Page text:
Sustainable America Blog

Monthly Archives: March 2016

Stony Creek Colors: A Seed-to-Jeans Story

Stony Creek Colors makes indigo dye for denim in the USA by sourcing natural indigo from farmers in the South

If something can be said to be more American than apple pie, it’s probably blue jeans. Unfortunately, the trademark denim blue color has become dependent upon toxic chemical processes. Natural indigo, the original plant source of that famous blue jean color, has been almost entirely forgotten in the textile supply chain. Stony Creek Colors, our latest investment, is working to bring back natural, American-made indigo dyes and give farmers needed opportunities to grow new, sustainable crops.

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Logan High School Clean Air Poster Contest

Logan High School 2015 Clean Air Poster Contest winner

Logan High School 2015 Clean Air Poster Contest winner

Utah is experiencing some of its worst measures of air quality in years due in large part to vehicle idling. In order to reach new drivers with the anti-idling message and get them involved in creating change, Utah State University professors started a popular poster contest program that is educating teens, spreading awareness and teaching real-world marketing skills in the process.

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7 Exciting Findings from ReFED’s Food Waste Report

One solution to food waste is developing the market for imperfect produce

Photo: lukestehr via Flickr

A group of the country’s foremost experts and business leaders concerned with food waste convened in Stanford, Calif., on March 9 for the release of a report that could be a turning point in the movement to reduce food waste in the United States. The first of its kind, the report looks at the problem of food waste through an economic lens. It analyzes the costs and benefits of various solutions to the problem and offers up strategies for putting the solutions into action. Here are some of the most exciting findings.

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How the Moringa Tree Could Improve Nutrition Worldwide

After moringa leaves are harvested, they are dried and ground.

Lisa Curtis first encountered moringa as a Peace Corps volunteer in Niger when a local woman suggested she eat the tree’s leaves to combat fatigue caused by her vegetarian diet. Soon she felt better and became an advocate for the nutritional power of moringa, a drought-tolerant tree that has provided food around the world for thousands of years. Read how Curtis’ company Kuli Kuli, our latest investment, is creating an market for moringa to improve nutrition and livelihoods of women farmers in the developing world.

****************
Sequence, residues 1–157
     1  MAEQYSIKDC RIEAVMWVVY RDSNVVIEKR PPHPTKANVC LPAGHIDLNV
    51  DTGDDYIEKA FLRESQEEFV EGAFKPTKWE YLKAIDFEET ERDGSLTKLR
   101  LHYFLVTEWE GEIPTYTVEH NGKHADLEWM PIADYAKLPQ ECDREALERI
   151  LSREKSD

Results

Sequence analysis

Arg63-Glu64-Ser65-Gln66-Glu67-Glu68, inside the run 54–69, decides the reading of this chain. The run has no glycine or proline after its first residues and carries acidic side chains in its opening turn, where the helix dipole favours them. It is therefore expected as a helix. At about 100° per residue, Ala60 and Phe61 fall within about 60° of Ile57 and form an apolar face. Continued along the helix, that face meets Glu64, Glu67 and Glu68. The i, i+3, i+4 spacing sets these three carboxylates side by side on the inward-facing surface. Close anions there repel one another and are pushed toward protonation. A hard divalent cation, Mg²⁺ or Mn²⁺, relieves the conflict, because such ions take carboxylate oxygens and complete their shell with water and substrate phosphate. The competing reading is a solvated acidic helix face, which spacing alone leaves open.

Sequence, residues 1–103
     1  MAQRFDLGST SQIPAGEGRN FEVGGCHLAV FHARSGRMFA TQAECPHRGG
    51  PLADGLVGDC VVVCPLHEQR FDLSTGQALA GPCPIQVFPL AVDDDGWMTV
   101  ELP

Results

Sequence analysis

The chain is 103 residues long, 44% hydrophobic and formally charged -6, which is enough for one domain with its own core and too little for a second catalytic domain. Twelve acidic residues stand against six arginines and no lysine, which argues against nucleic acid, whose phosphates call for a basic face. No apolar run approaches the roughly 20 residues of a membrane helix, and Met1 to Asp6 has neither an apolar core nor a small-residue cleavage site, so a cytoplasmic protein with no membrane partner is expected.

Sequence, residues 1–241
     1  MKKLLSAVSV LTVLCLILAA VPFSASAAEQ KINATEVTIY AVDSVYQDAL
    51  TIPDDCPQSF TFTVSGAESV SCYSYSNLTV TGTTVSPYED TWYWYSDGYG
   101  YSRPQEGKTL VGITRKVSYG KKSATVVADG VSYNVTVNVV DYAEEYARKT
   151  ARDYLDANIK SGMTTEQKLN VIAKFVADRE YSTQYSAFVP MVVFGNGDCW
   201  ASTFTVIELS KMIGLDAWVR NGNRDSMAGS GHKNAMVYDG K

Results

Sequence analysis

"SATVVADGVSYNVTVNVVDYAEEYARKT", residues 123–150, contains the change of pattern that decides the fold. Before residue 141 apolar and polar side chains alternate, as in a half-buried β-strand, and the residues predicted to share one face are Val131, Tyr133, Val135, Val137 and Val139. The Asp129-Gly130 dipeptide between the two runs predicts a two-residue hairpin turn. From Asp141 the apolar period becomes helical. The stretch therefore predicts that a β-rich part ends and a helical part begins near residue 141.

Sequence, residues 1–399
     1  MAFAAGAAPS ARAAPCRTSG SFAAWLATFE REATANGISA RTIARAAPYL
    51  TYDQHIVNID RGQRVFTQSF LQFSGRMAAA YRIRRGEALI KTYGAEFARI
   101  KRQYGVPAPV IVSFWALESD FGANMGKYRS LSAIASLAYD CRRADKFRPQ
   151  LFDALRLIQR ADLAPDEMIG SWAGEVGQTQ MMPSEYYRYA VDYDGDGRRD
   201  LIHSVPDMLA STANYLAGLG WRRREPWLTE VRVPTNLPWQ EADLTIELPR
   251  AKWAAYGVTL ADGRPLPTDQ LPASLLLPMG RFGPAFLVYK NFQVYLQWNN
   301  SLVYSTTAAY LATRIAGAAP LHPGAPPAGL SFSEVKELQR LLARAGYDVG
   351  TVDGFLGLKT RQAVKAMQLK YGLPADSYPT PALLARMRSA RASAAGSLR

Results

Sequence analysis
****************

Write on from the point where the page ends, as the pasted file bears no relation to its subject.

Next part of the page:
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By the Numbers

Currently 50 million households suffer from food insecurity, meaning that family members cannot always meet their basic food needs.

10 million people a year could be fed through the recovery of just one-fifth of food waste.

Only 2% of food waste is composted or otherwise recycled—62% of paper is recycled.

Consumers throw out about 40% of the fresh and frozen fish they buy.

The U.S. produced 208 pounds of meat per person in 2009—60% more than Europe.

Low income commuters spend a much higher proportion of their wages on gas—8.6% versus 2.1% at $4 per gallon.

Food prices rose 35-40 percentage points between 2002–2008.

Americans consume 25% of the world’s produced oil, but our nation holds less than 3% of the world’s proven oil reserves.

The International Energy Agency says greenhouse gas emissions rose 3.2% last year, with a 9.3% increase in China offsetting declines in the US and EU.


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